Make App Pie

Training for Developers and Artists

The Joys of Beta Swift: as Versus as! and Why I Avoid Betas

It came to my attention this week there’s a big change to Swift code on the way. It doesn’t look big though: it is the difference between as and as!.

The keyword as is the conversion operator. Usually type or class are easily defined like this:

var myColor = UIColor()  //class UIColor
var myNumber:Integer = 0 //type Integer

But there are times you get things like this in table views and collection views:

 let cell = tableView.dequeueReusableCellWithIdentifier("cell", forIndexPath: indexPath) 

The method of dequeueReusableCellWithIdentifier returns AnyObject, which is so generic it is worthless. We need to downcast it to UITableViewCell to use it.

let cell = tableView.dequeueReusableCellWithIdentifier("cell", forIndexPath: indexPath) as UITableViewCell

If the class does not exist or the class is incompatible with the cast, you get an error. For documentation purposes, Apple changed as to as! for these cases so anyone reading your code knows an error could occur. In Swift 1.2 Beta this should be

let cell = tableView.dequeueReusableCellWithIdentifier("cell", forIndexPath: indexPath) as! UITableViewCell

This does not work before 1.2 though. Don’t try it unless you have a Xcode 6.3 beta.

Speaking of betas, I want to be clear about my policy about betas:

Unless there is no production version, I always write to the production version. I suggest unless you seriously know what you are doing and don’t care to actually get something in the App Store quickly to avoid beta versions. There are four reasons for this:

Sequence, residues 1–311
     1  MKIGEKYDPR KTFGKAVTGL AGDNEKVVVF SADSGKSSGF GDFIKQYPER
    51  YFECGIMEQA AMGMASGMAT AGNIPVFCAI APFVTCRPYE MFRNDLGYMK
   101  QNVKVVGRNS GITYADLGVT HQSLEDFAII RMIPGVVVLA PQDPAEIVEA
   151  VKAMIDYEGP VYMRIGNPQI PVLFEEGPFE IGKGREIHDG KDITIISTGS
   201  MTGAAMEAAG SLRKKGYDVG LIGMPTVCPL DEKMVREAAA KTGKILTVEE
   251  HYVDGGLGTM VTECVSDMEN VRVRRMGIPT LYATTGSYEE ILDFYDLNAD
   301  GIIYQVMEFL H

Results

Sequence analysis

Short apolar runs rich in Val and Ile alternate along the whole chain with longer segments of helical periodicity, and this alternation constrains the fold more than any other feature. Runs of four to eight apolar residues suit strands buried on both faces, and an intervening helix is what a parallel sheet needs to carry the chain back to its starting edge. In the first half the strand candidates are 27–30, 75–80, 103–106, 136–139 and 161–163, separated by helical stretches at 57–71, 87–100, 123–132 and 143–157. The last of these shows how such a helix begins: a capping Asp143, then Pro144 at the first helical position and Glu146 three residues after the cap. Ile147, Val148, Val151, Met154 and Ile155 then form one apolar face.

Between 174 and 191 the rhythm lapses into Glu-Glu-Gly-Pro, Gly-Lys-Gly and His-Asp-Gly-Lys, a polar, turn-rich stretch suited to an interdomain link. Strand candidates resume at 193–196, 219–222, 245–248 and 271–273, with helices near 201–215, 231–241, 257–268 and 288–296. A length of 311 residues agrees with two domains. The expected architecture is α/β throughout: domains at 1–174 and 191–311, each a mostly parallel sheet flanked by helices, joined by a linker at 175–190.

1. Apple does not accept code from beta versions. For most cases where there is a production version or GM seed, you write an app in Beta you have to wait till they release it as a production version before they even accept your code. If Apple holds up release of XCode due to hardware issues with the Apple Watch for example your iPhone app will be stuck for months without a production release and months of lost sales.
  2. Betas change often. What you write and what will be the production version is different. That might mean several versions of coding — and a lot of wasted effort and time.
  3. Betas are poorly documented. Trying to understand release notes which often are the only place that explains a change is not easy.
  4. You don’t talk about betas. Apple has been very loose about their usual non-disclosure on Swift betas( I’m hoping that the case above), but that said, if they change their mind at any time, they can yank your license for disclosing features of a beta version. Many betas come with a Non-disclosure agreement. Break it and you could be punished.

So I make it a policy not to use betas unless I have to. I did between June 2014 and October 2014 because there was nothing else for Swift. And I had to change this entire website several times because of that. I could delay my book launch for months due to this change, or use the production version and get it out in March. Those working on Apple watch projects as of this writing have to use a beta. They have no choice. If you have a choice of beta and a production version, Pick the production.

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